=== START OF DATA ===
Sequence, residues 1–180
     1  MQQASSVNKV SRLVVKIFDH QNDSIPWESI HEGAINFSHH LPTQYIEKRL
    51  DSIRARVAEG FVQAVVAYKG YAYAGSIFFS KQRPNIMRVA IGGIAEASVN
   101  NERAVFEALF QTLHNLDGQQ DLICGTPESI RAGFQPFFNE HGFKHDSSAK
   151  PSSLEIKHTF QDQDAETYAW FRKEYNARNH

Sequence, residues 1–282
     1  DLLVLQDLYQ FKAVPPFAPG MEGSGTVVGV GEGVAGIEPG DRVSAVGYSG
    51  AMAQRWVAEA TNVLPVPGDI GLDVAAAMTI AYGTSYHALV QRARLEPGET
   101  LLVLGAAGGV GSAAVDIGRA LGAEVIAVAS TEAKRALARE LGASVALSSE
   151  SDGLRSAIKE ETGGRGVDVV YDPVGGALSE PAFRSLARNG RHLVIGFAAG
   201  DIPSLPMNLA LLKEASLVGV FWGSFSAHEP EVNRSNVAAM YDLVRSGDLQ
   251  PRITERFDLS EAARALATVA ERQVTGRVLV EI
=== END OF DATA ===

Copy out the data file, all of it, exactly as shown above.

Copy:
Sequence, residues 1–180
     1  MQQASSVNKV SRLVVKIFDH QNDSIPWESI HEGAINFSHH LPTQYIEKRL
    51  DSIRARVAEG FVQAVVAYKG YAYAGSIFFS KQRPNIMRVA IGGIAEASVN
   101  NERAVFEALF QTLHNLDGQQ DLICGTPESI RAGFQPFFNE HGFKHDSSAK
   151  PSSLEIKHTF QDQDAETYAW FRKEYNARNH

Sequence, residues 1–282
     1  DLLVLQDLYQ FKAVPPFAPG MEGSGTVVGV GEGVAGIEPG DRVSAVGYSG
    51  AMAQRWVAEA TNVLPVPGDI GLDVAAAMTI AYGTSYHALV QRARLEPGET
   101  LLVLGAAGGV GSAAVDIGRA LGAEVIAVAS TEAKRALARE LGASVALSSE
   151  SDGLRSAIKE ETGGRGVDVV YDPVGGALSE PAFRSLARNG RHLVIGFAAG
   201  DIPSLPMNLA LLKEASLVGV FWGSFSAHEP EVNRSNVAAM YDLVRSGDLQ
   251  PRITERFDLS EAARALATVA ERQVTGRVLV EI